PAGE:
Zoom Video Communications (NASDAQ:ZM) has been an impressive growth stock since its initial public offering two years ago. The video conferencing company went public at $36 per share, and it’s trading at nearly $360 at the time of this writing — which gives it a market cap of over $100 billion.
Zoom certainly became a household name during the pandemic, but is the stock still worth buying after its massive post-IPO run? Let’s discuss three compelling reasons to buy Zoom — and one reason to sell it.
1. It’s still growing like a weed
Zoom’s simple interface, popular brand, and free tier helped it stand out in a crowded market of complicated enterprise-oriented platforms. Zoom was already growing quickly prior to the pandemic — its revenue rose 88% to $622.7 million in fiscal 2020, which ended in January 2020, and its adjusted net income jumped 513% to $101.3 million.
In fiscal 2021, its revenue skyrocketed 326% to $2.65 billion as it gained tens of millions of new users throughout the COVID-19 pandemic. Its adjusted net income soared 883% to $995.7 million.
Zoom’s growth should decelerate as the pandemic ends and more people return to work and school, but it still expects its revenue to grow 50% to 51% this year as its adjusted earnings rise 37% to 38%.
Those rosy estimates indicate Zoon’s growing list of competitors — which include Cisco Systems‘ Webex, Alphabet‘s Google Meet, Microsoft Teams, and Facebook‘s Messenger Rooms — aren’t gaining much ground in the video conferencing market.
2. The pandemic isn’t over yet
Zoom was often called a “pandemic stock” last year because it benefited from remote work and stay-at-home trends. As a result, Zoom’s stock pulled back from its all-time high of $588.84 per share, which it hit last October, as vaccination rates rose and more businesses reopened.
Unfortunately, the recent surge in COVID-19 cases across the U.S. and other countries — which can be attributed to the highly contagious delta variant and stagnant vaccination rates — suggests the pandemic is far from over. If the pandemic worsens and sparks fresh lockdown measures, Zoom’s full-year estimates — which it provided in early June — could be far too low.
3. Its ecosystem is expanding
The skeptics might claim Zoom is a one-trick pony without a competitive moat, but it’s repeatedly expanded its ecosystem over the past few years. It’s added new collaborative features to Zoom Rooms, integrated its services with other enterprise communication platforms, upgraded its security features, launched all-in-one Zoom Phone appliances, and invested in real-time AI-powered translation tools with its recent acquisition of the German start-up Kites.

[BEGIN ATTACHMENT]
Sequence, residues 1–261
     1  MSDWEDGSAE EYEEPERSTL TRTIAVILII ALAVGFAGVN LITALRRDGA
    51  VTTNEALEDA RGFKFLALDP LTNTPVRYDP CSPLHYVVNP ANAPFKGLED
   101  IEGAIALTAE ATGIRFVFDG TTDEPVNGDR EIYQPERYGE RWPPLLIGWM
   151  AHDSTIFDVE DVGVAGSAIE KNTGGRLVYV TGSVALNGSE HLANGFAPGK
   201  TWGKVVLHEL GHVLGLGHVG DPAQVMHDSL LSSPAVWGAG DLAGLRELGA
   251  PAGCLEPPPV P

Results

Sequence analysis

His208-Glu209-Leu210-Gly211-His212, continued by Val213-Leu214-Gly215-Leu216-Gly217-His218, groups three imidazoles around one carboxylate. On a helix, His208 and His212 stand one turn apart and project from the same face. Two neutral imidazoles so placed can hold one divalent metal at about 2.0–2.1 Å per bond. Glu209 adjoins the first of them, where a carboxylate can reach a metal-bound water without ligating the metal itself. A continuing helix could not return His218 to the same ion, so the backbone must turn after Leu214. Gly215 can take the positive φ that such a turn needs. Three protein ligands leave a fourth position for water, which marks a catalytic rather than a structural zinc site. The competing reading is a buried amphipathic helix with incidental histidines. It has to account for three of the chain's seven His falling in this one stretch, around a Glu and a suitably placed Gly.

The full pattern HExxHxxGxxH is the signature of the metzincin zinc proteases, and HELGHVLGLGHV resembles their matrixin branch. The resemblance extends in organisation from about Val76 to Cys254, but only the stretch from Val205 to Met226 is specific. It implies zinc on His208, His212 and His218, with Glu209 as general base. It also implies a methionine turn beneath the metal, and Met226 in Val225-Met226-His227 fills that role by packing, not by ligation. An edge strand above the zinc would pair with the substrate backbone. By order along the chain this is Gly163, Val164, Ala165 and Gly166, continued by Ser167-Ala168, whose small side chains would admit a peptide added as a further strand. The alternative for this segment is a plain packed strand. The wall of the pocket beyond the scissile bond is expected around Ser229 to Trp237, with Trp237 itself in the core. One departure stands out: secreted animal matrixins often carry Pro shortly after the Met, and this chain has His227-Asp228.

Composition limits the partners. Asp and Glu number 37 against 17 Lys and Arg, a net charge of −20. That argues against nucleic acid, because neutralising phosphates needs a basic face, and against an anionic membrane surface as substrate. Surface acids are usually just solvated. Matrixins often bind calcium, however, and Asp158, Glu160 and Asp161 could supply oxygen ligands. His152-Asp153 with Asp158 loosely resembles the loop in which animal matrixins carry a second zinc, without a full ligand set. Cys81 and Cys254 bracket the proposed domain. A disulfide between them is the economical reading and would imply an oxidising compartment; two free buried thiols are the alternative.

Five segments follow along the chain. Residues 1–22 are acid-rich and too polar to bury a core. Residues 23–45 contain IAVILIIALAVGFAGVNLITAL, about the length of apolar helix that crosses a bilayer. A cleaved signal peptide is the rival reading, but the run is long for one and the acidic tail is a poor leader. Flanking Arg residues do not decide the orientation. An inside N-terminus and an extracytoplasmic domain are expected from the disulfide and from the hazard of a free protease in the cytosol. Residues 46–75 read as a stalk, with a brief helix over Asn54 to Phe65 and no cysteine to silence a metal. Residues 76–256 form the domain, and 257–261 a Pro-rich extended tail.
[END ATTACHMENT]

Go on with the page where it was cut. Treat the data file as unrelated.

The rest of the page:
Zoom also expanded its App Store, which extends its platform’s functionality with third-party apps, and launched Zoom Events for large-scale live events. Its planned $14.7 billion purchase of the cloud contact center provider Five9 could complement all those efforts and accelerate its long-term evolution into a diversified cloud communications giant.
The reason to sell: Its valuation
Zoom’s growth rates are impressive, but the stock is undeniably expensive at 77 times forward earnings and about 27 times this year’s sales.
But when Zoom closed at $62 per share on its first trading day, the company was valued at nearly $16 billion — or 26 times the revenue it actually generated in fiscal 2020. Therefore, Zoom isn’t much pricier than it was at the time of its IPO, but the stock is now trading nearly 500% higher — so investors who worried too much about its valuations over the past two years missed out on some massive gains.
That said, Zoom’s stock has always been priced for perfection. The pandemic helped it repeatedly beat Wall Street’s expectations, and its own rosy guidance suggests it’s still firing on all cylinders. But if Zoom fails to clear Wall Street’s high bar just once, its stock could plunge. The bears will start growling about a post-pandemic slowdown and competing platforms again, and the bulls will rush toward the exits.
Do Zoom’s strengths outweigh its weaknesses?
I was deeply skeptical of Zoom at first, but I recently bought some shares because I believe its strengths outweigh its weaknesses. The stock is certainly expensive, but its simple and streamlined approach to video conferencing has clearly disrupted a dusty and stagnant market.
Zoom isn’t letting its core platform languish, as Cisco did with Webex and Microsoft did with Skype, and it has clear plans for its future. If it achieves its planned transformation into a cloud communications platform, it might be worth a lot more in just a few years.
This article represents the opinion of the writer, who may disagree with the “official” recommendation position of a Motley Fool premium advisory service. We’re motley! Questioning an investing thesis — even one of our own — helps us all think critically about investing and make decisions that help us become smarter, happier, and richer.
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